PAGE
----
Charming Nantucket steeped in history, whaling lore

The skeleton of a sperm whale is displayed in the Nantucket Whaling Museum’s Gosnell Hall.
The skeleton of a sperm whale is displayed in the Nantucket Whaling Museum’s Gosnell Hall. Courtesy of Nantucket Historical Association

Just above our heads, stretched out along the wavelike curved ceiling of the Nantucket Whaling Museum’s Gosnell Hall, is the 46-foot skeleton of a sperm whale, its massive head and jaw tilted downward as if the mighty creature has just taken a dive into the sea.

On Jan. 1, 1998, the bull whale rang in the new year with a spectacular and tragic, yet uncannily timely, death on the beach of Siasconset, the tiny village on the eastern end of Nantucket. The whale’s death on a beach was a remarkable thing in itself, as most perish in the deep seas, their skeletal remains finding their way to shore only after nature has ravaged the bones.

For those steeped in Nantucket lore, though, the whale’s arrival had an almost mystical, mythical quality that brings up the question of the whale’s intentions: Could he have known that the Nantucket Historical Association, in celebration of its 75th anniversary, would be launching a $10.8 million, two-year renovation and expansion of the Museum, and that he would provide the perfect visual centerpiece? Was his arrival a shout to Nantucketers, a “don’t forget about me” reminder of the source of their glorious history?

It seems unlikely, and yet.

And yet, there was the title character of Moby-Dick, Herman Melville’s great white whale with a vengeance, who hurled himself upon longtime nemesis Captain Ahab aboard the Nantucket whale ship Pequod.

Fiction it was, but fiction based on startling truth.

In 1820, the Nantucket whale ship Essex went down, struck by a whale that rammed the ship repeatedly with his massive head. The strangeness of this situation, unheard of in the whaling industry, caused first mate Owen Chase to later write in his diary, “The blows were placed to do us the most injury, the attack could come from only premeditated violence.”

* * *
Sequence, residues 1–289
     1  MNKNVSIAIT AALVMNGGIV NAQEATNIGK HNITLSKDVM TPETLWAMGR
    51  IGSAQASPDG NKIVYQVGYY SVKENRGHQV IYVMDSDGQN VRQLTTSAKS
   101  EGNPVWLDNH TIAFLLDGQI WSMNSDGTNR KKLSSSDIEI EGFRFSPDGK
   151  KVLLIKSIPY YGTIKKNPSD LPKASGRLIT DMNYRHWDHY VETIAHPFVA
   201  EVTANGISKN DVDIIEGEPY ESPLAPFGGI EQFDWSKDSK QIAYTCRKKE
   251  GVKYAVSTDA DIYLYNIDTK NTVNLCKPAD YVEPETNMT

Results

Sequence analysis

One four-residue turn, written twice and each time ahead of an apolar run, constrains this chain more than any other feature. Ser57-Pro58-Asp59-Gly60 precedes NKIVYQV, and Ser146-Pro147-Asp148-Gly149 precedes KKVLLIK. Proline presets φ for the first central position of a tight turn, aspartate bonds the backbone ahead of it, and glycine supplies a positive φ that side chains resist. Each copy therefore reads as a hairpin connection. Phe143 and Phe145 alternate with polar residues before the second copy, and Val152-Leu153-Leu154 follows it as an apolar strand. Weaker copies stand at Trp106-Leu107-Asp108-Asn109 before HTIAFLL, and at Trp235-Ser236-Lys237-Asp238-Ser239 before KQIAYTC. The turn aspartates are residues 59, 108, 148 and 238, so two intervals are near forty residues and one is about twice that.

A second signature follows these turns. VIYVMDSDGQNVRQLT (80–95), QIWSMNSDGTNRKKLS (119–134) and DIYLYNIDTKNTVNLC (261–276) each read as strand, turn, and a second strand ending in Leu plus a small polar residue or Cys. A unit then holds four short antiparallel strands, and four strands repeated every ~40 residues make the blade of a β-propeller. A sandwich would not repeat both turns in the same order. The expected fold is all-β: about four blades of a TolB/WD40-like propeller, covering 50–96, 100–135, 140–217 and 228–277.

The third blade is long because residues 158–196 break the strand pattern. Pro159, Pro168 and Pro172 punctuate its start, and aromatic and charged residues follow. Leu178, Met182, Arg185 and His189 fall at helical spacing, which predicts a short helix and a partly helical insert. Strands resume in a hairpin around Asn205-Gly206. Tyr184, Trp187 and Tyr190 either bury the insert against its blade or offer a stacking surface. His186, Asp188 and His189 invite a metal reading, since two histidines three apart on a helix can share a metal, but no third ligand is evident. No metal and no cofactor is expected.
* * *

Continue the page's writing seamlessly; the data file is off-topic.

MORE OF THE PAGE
My husband and I are in Nantucket, Mass., and we’ve just finished watching, here in Gosnell Hall, Nantucket, an excellent documentary on the island’s history.

To prepare for our trip, David and I have been listening to the audiobook of In the Heart of the Sea: The Tragedy of the Whaleship Essex. Written in 2000 by Nantucket’s Nathaniel Philbrick, the book, which won the National Book Award for nonfiction, tells the tale of a 20-man crew that, after 15 months at sea, loses its ship in the whale attack, and then, with very few provisions, sets out in three whaleboats to try to make it 3,000 miles to the coast of South America.

Only eight men survive, and the story is every bit as nail-biting, horrifying and inspiring as you might think.

In fact, this is why we are here. On Friday, Warner Bros. Pictures is bringing In the Heart of the Sea to the big screen, directed by Ron Howard and starring Chris Hemsworth, and Nantucket is happily promoting the film, hoping to bring more attention to the history of this 14-by-3  1/2 -mile sandy island nearly 30 miles off the coast of Massachusetts and already one of the nation’s most exclusive destinations.

The film faces Star Wars: The Force Awakens for holiday box-office attention, but it’s getting plenty of good buzz. As Star-Telegram film critic Cary Darling wrote recently, “The fact that Warner Bros. pushed its release from March to the heart of Oscar season means they must have liked what they saw and have high hopes audiences will, too.”

We look now at the vintage whaleboat in front of us, wisely placed below the looming whale skeleton. These were the relatively fragile vessels attached to the sides of the ship, only about 28 feet long and used in the hunt of the whale, not intended for long journeys or survival in open water.

Hanging on the walls of the hall are harpoons used during Nantucket’s heyday as the whaling capital of the world. In a display case are artifacts from the Essex — maps, documents and a short length of twine, made by Benjamin Lawrence during his 93 days lost at sea.

I am inexplicably happy to see the twine, which plays a small role in Philbrick’s book. It is like a little message sent through the generations to all who stand before it: Survive, it whispers. Survive.

An old friend

The day is sunny and cool, and I decide to take a run. We’re staying at the White Elephant Village Residences, with their traditional cottage charm and loads of luxury features, including rare blue marble counters in the bathroom (which also has a pristine soaking tub and a glass-enclosed shower).

To be honest, with my mind immersed in the tragedy of the Essex and its starving whalers, the degree of comfort is a little overwhelming.

I head outside, stopping to admire how the new Residences mimic the weather-shingled houses that also line this street.